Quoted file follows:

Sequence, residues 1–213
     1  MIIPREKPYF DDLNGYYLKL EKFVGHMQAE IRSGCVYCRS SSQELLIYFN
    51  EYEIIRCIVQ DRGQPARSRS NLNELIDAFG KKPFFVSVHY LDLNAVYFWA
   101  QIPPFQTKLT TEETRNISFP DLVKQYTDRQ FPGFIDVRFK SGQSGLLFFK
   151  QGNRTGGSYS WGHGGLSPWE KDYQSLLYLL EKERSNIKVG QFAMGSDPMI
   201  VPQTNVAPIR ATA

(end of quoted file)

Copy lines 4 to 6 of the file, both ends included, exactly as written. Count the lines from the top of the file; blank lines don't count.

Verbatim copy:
   101  QIPPFQTKLT TEETRNISFP DLVKQYTDRQ FPGFIDVRFK SGQSGLLFFK
   151  QGNRTGGSYS WGHGGLSPWE KDYQSLLYLL EKERSNIKVG QFAMGSDPMI
   201  VPQTNVAPIR ATA